- By Uri Friedman
Uri Friedman is deputy managing editor at Foreign Policy. Before joining FP, he reported for the Christian Science Monitor, worked on corporate strategy for Atlantic Media, helped launch the Atlantic Wire, and covered international affairs for the site. A proud native of Philadelphia, Pennsylvania, he studied European history at the University of Pennsylvania and has lived in Barcelona, Spain and Geneva, Switzerland.
In a move that is sure to rile grammarians the world over, the Mid Devon District Council is planning a ban on apostrophes in street names to avoid "potential confusion," according to the BBC (the official pronouncement is largely symbolic, since only three streets in the district currently have apostrophes). Already, Britons like proofreader Mary de Vere Taylor of Ashburton are speaking out against the proposed prohibition:
"It’s almost as though somebody with a giant eraser is literally trying to erase punctuation from our consciousness," she told BBC News.
She said there was something "terribly British and terribly reassuring" about well-written and well-punctuated writing.
The North Devon Journal adds that the North Devon Council and Torridge District Council have implemented bans as well:
While Torridge has an official policy against the use of apostrophes North Devon’s assistant chief executive Anne Cowley said although it was not a council policy it is historic practice not to use apostrophes in street names.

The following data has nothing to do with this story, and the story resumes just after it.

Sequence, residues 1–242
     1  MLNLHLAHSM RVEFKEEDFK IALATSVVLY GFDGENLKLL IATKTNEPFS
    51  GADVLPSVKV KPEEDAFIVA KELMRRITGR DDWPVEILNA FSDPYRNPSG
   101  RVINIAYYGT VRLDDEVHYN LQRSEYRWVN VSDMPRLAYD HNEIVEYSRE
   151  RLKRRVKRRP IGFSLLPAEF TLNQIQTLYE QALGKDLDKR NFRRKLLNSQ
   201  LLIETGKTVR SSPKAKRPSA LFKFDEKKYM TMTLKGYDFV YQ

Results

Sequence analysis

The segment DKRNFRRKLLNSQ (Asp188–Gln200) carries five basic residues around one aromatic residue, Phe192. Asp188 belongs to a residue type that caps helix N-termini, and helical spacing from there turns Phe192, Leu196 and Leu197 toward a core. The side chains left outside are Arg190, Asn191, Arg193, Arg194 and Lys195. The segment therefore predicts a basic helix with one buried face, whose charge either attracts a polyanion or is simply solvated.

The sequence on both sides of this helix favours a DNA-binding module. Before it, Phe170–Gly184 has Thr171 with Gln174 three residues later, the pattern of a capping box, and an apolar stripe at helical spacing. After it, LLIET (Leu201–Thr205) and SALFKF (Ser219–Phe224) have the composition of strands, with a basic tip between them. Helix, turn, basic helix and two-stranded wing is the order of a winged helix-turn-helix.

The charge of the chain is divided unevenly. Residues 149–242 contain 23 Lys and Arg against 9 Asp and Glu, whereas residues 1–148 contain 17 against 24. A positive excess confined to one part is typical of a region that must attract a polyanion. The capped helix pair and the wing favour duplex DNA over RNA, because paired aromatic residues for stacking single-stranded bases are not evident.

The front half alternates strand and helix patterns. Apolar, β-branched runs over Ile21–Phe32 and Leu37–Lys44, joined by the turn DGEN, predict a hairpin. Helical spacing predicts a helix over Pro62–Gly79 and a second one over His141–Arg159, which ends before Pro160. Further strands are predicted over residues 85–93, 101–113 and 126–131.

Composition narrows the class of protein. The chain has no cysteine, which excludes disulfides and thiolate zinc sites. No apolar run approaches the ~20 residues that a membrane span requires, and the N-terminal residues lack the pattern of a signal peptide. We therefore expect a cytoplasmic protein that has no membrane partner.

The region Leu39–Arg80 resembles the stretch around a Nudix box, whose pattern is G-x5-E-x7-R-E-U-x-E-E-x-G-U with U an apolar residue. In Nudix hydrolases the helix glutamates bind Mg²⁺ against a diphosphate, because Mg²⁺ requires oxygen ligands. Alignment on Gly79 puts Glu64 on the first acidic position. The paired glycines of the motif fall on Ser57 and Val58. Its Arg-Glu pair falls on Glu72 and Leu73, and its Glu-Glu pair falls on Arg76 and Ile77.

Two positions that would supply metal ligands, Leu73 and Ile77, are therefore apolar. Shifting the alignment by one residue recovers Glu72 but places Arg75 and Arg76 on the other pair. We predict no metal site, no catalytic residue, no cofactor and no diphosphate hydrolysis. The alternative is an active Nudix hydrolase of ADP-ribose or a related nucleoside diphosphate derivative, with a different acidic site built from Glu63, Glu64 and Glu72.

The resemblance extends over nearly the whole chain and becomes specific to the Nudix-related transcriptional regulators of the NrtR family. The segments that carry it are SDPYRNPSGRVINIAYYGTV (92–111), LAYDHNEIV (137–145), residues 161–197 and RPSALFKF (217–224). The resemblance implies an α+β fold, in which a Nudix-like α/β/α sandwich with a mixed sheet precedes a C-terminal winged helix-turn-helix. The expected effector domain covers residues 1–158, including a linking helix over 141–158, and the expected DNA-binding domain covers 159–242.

"When the council names a new street the details are entered onto the Local Street Gazetteer," she said.
"This feeds into the National Street Gazetteer and there are no street names on the Local Street Gazetteer for North Devon containing an apostrophe followed by a letter S."
The debate about apostrophes in public signage is actually not new in Britain. In 2009, for instance, the Daily Mail profiled a "punctuation hero" who was accused of being a vandal after he pained a missing apostrophe on a sign near his home (the man also refused to get in the ‘five items or less’ line at the supermarket because the notice should read, ‘five items or fewer’).
That same year, the Birmingham City Council got in a feud with the U.K.’s Apostrophe Protection Society — yes, the Apostrophe Protection Society — after authorities refused to add apostrophes to the city’s road signs. "I have done my own research into the use of the possessive apostrophe in place names," one council member declared in defending the decision.
As for the latest punctuation dustup, the Mid Devon District Council’s statement declares that "our proposed policy on street naming and numbering covers a whole host of practical issues, many of which are aimed at reducing potential confusion over street names." Careful readers will notice that the statement does not include a single apostrophe.